Nicolas Bougaïeff, Creative Director of the Richie Hawtin-backed German software development house Liine, takes the hotseat for the latest instalment of our Job Envy series.
Place of work
How long have you had the job?
Since we founded the company in early 2010.
Describe a typical day
A typical work day starts by organising my to-do list. I have a rolling list of tasks, and every day I make sure to prioritise what’s most important. I try to stay disconnected from email and the internet as much as possible during the first couple hours of the day and focus on these urgent tasks. The next thing is email. I’m constantly involved in dozens of email conversations.
My official title is Creative Director, but as we are a very small team, we all end up wearing many, many hats. Email conversations will typically involve managing the website development, managing tech support, managing product release schedules and related marketing campaigns. Every day, in some way, I will be directly involved in the design of new products or content for existing products. Many of the email threads are brainstorms and design discussions. I’d say that a full 50% of my day is spent communicating with people by phone, email and Skype.
Highs of the job
The highest highs are definitely those “Eureka!” moments when a concept crystallises and becomes perfectly clear. Sometimes it’s a sudden breakthrough, sometimes it’s just a tiny tweak on an old idea. My partners Gareth Williams, Etienne Noreau-Hébert and I are constantly discussing ideas. For every product that sees the light, I’d say there are 5-10 that were discussed in theory and dismissed. The highest high is the feeling that accompanies those moments: when something is profoundly good, you feel it deep down. It comes down to instinct then, recognising the feeling and saying, “Yes, this is where we need to go next.”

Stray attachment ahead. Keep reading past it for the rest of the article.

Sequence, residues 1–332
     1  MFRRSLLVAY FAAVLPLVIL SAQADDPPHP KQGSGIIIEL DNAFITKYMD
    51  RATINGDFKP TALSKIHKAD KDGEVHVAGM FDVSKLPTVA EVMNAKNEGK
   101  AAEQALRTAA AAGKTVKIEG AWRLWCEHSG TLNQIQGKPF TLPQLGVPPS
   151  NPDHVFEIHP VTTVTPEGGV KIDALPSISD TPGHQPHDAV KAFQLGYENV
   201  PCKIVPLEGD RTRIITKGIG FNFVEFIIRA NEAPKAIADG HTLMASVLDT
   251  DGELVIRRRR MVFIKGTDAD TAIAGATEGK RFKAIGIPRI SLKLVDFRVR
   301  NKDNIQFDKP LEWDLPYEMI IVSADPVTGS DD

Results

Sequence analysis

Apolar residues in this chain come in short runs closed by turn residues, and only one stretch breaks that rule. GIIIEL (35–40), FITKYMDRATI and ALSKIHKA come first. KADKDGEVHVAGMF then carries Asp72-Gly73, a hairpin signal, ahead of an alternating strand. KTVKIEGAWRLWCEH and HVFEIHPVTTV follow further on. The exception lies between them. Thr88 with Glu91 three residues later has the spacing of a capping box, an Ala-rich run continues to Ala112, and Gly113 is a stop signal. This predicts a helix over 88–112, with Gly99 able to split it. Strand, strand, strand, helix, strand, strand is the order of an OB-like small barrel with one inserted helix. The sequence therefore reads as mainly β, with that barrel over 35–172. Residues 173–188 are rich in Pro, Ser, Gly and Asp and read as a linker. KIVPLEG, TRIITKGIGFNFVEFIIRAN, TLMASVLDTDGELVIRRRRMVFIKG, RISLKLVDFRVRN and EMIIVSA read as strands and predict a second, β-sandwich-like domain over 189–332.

Lows of the job
Generally I like to see things in a positive way, so even the most boring tasks like accounting are actually kind of fun when I remind myself that it’s a blessing to be running a company I’m passionate about which is successful and thus requires accounting to be done.
I really can’t think of anything ‘low’ about the job. Any task, however boring, can always be framed as a positive and essential job. If a task can’t be justified, then it needs be re-thought, re-contextualised or eliminated.
Who are the people who’ve had the biggest influence on your career and why?
I’m thankful for the great teachers I’ve had in my life. The first of these would be my first violin teacher. The lesson I learned from him was that the important thing is not how much I practice every day, but that I practice every single day. My sense of discipline stems from there.
The second great teacher I had was my composition teacher at undergraduate level. He taught me to focus not on the surface aesthetics of composition, but to dig deep and figure out the core concept of a piece, and then make sure that everything in the structure, aesthetics and execution is a reflection of that concept.
In recent times I’ve been greatly influenced by the theories of Jacques Attali, specifically his ideas about the relationship between music-making and technology after the digital revolution.
And, of course, Richie Hawtin has been more than a business partner; I see him as a role model. From working with Hawtin I’ve learned how to combine many aspects into single a coherent lifestyle: music-making, music technology and music business.
Any task, however boring, can always be framed as a positive and essential job.
How did you get your job?
Liine was founded in 2010 by Gareth, Etienne, John Acquaviva, Mark Quail, Richie Hawtin and me. So, I guess I got my job by creating my job!
How would we get a job like yours?
The common link between Gareth, Etienne and myself is that we all have a combination of skills.
We all have a unique speciality, but then we also have advanced knowledge of other fields. The other partners are experts in those other fields. For example, my formal training is in music. At the moment, I’m completing a PhD on techno from a music composition angle, but I also have a working knowledge of computer programming. Etienne has a master’s degree in computer science, but he’s also been doing digital visual arts and music as a serious hobby for many years. Gareth’s also been an active DJ and producer for many years, as well as having a serious head for business.
So, the trick is to be ultra-specialised in at least one thing, but then to be also really good at other stuff. And there’s strength in numbers: find like-minded people and make teams.